Denise was about to celebrate her 50th birthday and all she really wanted, she said, was to get to know her family better. Over the years, they had moved away from each other, raised families, built lives—and had also drifted apart. Even when they did get together on holidays, they ended up telling the same old stories over and over again. This time, Denise decided to get creative.
She invited her parents, brothers, sisters, in-laws, nieces and nephews to a restaurant for the big birthday dinner. Before anyone arrived, she placed a small papier-mâché box with a cake painted on its lid at each seat around the table. Inside every box were 25 slips of paper, each bearing a different question: Who would play you in the movie of your life? What is the kindest thing anyone has ever done for you? What is your greatest strength? If you could do one thing over in your life, what would it be? Who in the world would you most like to meet? What are the three words that you would want other people to use to describe you?
One at a time, the guests (including Denise) opened their boxes, pulled out a question and answered it. The night was filled with laughter, joy and even a few tears. Although the restaurant was wonderful, no one remembered the food. But everyone now has memories of stories told and the gift of themselves that they shared. The evening celebrated one birthday and the rebirth of friendships and family closeness. Denise's reconnection to the people she loves was the greatest birthday present she could have received.
Denise made her birthday a huge success in part because she made these simple question boxes. What can you make to make a celebration more meaningful?
A few years ago, I was in the audience for a talk given by Marianne Pearl, author and widow of Daniel Pearl, the Wall Street Journal war correspondent who was kidnapped and murdered in 2002 by terrorists in Pakistan. She told us about the amazing outpouring of love and hope she received from people all over the world after the heartbreaking vigil that ended with the news of Danny's brutal killing. In particular, she spoke of a gift that came for her infant son, Adam, from a woman in Austin, Texas. Marianne read from the letter that accompanied it.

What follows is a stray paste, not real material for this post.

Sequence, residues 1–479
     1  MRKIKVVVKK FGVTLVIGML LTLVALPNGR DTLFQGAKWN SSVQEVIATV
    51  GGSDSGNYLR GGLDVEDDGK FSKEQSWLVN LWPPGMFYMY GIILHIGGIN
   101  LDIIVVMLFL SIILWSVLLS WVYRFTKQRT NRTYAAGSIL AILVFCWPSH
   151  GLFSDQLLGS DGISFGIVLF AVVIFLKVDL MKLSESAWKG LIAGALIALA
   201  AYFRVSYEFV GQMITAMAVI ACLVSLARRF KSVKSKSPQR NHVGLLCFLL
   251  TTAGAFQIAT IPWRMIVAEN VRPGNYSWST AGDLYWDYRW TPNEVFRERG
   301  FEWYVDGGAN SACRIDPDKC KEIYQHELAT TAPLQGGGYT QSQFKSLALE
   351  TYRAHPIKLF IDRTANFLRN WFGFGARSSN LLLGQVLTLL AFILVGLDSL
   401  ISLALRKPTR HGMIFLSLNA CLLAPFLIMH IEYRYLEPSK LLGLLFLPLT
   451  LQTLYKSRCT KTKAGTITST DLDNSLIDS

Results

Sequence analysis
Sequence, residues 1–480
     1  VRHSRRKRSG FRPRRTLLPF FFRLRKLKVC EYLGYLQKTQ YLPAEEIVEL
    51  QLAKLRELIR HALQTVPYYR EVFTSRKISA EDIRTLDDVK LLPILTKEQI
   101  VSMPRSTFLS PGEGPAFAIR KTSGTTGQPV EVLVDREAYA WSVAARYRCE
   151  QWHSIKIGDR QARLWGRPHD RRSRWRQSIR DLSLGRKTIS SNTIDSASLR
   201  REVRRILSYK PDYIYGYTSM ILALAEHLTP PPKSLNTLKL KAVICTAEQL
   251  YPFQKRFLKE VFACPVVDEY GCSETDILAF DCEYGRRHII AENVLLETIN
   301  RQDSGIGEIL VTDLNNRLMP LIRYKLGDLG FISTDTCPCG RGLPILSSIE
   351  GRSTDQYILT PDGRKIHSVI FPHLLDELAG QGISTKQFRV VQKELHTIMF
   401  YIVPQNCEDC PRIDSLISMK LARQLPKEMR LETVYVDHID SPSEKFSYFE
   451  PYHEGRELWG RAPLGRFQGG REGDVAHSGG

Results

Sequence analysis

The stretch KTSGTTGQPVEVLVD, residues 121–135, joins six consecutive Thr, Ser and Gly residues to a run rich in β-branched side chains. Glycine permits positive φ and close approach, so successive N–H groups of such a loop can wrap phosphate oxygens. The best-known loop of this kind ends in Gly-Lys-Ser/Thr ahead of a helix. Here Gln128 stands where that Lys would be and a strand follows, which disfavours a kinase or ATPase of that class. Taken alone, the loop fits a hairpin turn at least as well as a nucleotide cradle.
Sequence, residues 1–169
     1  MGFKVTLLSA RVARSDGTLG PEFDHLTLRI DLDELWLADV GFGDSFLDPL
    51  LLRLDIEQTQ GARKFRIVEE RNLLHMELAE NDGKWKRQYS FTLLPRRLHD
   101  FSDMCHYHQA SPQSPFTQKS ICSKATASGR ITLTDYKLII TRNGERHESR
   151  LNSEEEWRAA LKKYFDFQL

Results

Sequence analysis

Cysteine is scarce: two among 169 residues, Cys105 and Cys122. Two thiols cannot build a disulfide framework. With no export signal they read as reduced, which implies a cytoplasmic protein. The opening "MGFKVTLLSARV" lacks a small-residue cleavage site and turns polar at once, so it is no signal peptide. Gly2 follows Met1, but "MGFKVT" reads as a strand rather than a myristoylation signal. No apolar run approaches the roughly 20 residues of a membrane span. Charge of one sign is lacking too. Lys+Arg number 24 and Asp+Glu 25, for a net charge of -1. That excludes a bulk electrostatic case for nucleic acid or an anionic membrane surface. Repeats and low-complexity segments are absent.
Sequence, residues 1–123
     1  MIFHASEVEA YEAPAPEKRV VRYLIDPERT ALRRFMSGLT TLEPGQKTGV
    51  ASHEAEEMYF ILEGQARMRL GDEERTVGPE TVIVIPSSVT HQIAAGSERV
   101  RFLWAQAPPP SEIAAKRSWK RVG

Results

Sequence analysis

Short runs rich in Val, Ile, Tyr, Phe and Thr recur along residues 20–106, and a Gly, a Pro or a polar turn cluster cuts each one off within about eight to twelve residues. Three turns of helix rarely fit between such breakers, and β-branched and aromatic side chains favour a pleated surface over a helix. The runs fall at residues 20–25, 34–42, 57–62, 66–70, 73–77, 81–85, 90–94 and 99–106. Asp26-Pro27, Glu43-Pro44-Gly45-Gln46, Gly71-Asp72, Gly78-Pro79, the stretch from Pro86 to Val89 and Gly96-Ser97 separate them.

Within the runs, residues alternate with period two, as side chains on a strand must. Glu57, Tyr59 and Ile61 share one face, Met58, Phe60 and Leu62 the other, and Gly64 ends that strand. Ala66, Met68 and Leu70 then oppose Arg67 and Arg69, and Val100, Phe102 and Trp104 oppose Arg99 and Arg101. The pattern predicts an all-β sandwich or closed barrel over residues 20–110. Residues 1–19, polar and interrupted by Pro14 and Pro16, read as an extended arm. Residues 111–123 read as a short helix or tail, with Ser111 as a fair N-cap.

"Dear Marianne," it began. "Please accept my gift of a quilt for your son. I was deeply touched by your tragedy and wanted to do something for you."
Though she was a stranger and not in a position to help Marianne in person, this woman was a quiltmaker and, as she put it, "nothing says love, in my mind's eye, like a quilt." She went on to say: "Hopefully the quilt will bring you both pleasure, security and a bit of comfort. That is my wish."
Both of these stories speak to a simple truth: Each of us wants to connect more closely with the people in our lives. We want to know that we belong and are loved, and we want to make others feel the same way too.
These stories also celebrate something else: Our innate desire to create. Creativity is one of the basic human needs, right up there with love, companionship and hope. The desire to make beautiful, meaningful moments and things is an undeniable part of who we are. It's there in our spirits.
Get your activities for Week 9